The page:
Lilibeth Masamloc came from a poor family in the Philippines countryside, and was raised alongside 12 brothers and sisters. "Money was always tight," she has said. "We never had enough. My parents could barely scrape by to send us to school." When she was 13, a cousin convinced her to go to Davao City as a domestic worker.
Lilibeth hoped that in the city, she would be able to pursue her education. But over the next few years, she had four employers, each worse than the last. The first paid her only US$18 a month, but often withheld her wages for 'mistakes' she supposedly made. When that employer moved, she passed Lilibeth off to her siblings, leaving Lilibeth responsible for taking care of three households for the same salary.
"I cleaned three houses, cooked for two families, washed all their clothes and did all their errands," she said. Another employer verbally abused her and forced her to work so many hours that she often got only 3 hours of sleep a night. Despite the punishing hours, Lilibeth managed to attend school on Sundays, her day off, paying for tuition out of her own salary. With the help of a guidance counselor at school, she made contact with groups working on behalf of domestic workers. By the age of 21, she had become a national advocate for domestic workers' rights.
Today, approximately 15 million children work as domestic workers, nearly 30 per cent of the world's 50 to 100 million domestic workers. They often work 12 or more hours a day, seven days a week, cooking, cleaning, washing clothes, and caring for their employer's children. They often receive little pay, if they are paid at all. Their isolation in private homes leaves them at particular risk of exploitation and violence, including sexual abuse. Evidence shows that they are even less likely than other working children to attend school.
Yesterday 10 leading international organisations joined forces to call on ministers of labour around the globe to protect these vulnerable children by ratifying the International Labour Organisation Domestic Workers Convention. The Domestic Workers Convention, adopted in 2011, protects children and adults alike. It requires governments to take steps to keep young girls out of domestic work, and to ensure that those old enough to work legally enjoy the same rights as other workers, including weekly days off, limits to hours of work, minimum wage coverage, and overtime compensation. Governments that ratify the convention also pledge to ensure that domestic work does not deprive children of education.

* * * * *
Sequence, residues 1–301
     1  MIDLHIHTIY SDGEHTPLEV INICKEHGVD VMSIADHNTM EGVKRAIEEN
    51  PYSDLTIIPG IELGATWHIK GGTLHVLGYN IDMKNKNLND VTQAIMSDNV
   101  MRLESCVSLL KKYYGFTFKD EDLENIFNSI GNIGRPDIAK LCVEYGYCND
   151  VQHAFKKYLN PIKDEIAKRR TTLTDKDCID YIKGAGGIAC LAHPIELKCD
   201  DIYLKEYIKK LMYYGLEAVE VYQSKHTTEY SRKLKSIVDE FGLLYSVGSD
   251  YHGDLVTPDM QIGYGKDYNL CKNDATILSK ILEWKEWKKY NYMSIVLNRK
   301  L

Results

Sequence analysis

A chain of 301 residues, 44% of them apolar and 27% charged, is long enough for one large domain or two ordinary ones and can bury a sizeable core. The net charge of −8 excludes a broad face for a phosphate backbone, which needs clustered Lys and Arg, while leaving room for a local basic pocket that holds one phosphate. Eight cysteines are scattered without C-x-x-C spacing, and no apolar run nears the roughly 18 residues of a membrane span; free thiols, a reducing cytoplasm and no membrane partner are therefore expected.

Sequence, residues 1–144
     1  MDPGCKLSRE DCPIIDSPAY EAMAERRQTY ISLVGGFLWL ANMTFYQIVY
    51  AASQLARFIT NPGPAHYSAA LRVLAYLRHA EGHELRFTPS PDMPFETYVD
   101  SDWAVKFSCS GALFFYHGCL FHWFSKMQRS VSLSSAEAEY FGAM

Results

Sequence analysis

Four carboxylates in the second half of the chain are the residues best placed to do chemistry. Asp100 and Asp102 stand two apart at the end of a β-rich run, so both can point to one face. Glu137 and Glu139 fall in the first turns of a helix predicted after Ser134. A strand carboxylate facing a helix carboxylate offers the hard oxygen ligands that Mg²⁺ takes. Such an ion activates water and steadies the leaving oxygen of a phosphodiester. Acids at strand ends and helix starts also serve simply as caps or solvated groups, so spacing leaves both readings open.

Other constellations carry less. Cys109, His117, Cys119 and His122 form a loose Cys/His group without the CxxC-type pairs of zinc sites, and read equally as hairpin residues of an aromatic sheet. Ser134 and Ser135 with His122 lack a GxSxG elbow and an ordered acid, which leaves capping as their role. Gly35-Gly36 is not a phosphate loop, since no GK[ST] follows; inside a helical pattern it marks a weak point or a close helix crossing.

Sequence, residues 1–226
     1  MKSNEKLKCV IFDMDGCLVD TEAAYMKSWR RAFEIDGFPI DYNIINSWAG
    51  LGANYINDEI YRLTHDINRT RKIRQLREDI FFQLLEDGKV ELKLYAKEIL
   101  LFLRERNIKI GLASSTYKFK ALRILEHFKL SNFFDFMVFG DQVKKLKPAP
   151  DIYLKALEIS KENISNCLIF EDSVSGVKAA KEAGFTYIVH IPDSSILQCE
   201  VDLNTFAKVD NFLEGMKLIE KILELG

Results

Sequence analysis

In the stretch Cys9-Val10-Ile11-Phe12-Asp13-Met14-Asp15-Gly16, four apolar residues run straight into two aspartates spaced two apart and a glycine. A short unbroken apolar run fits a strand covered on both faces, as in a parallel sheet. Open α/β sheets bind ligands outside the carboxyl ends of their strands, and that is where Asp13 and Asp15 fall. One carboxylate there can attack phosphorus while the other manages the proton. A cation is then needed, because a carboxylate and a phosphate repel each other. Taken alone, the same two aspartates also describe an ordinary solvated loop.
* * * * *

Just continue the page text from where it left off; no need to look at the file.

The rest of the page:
This year, the ILO is devoting the World Day against Child Labour on June 12 to child domestic labour. The organisations making the appeal – including human rights groups like Amnesty International and development organisations like Plan International and World Vision – urged governments to use the World Day to announce or pledge their ratification of the convention.
In large part because of advocacy by Lilibeth and other domestic workers, the Philippines was one of the first governments to ratify the Domestic Workers Convention and recently adopted a comprehensive national law for domestic workers. So far, only three other countries – Uruguay, Mauritius, and Italy – have ratified the convention, although at least 48 have submitted the convention to their parliaments or other bodies for consideration.
In 2011, Lilibeth Masamloc attended the final negotiations of the Domestic Worker Convention in Geneva, and addressed delegates. She spoke specifically about child domestic workers, saying: "We have been ignored and lived in the margins of society for so long. Now is the time to protect us." By ratifying the convention and putting it into practice, governments have that chance.
Jo Becker is the children's rights advocacy director at Human Rights Watch, and author of Campaigning for Justice: Human Rights Advocacy in Practice